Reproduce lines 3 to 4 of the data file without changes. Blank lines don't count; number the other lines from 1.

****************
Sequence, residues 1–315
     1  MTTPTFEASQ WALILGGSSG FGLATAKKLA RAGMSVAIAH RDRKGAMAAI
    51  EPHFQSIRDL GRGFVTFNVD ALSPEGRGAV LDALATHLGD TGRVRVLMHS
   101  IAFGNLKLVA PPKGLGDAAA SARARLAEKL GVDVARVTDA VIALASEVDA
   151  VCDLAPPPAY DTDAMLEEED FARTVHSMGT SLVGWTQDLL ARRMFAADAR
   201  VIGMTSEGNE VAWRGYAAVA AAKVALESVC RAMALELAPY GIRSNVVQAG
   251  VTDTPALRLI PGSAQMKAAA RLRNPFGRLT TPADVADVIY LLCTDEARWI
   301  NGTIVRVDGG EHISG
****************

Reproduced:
    51  EPHFQSIRDL GRGFVTFNVD ALSPEGRGAV LDALATHLGD TGRVRVLMHS
   101  IAFGNLKLVA PPKGLGDAAA SARARLAEKL GVDVARVTDA VIALASEVDA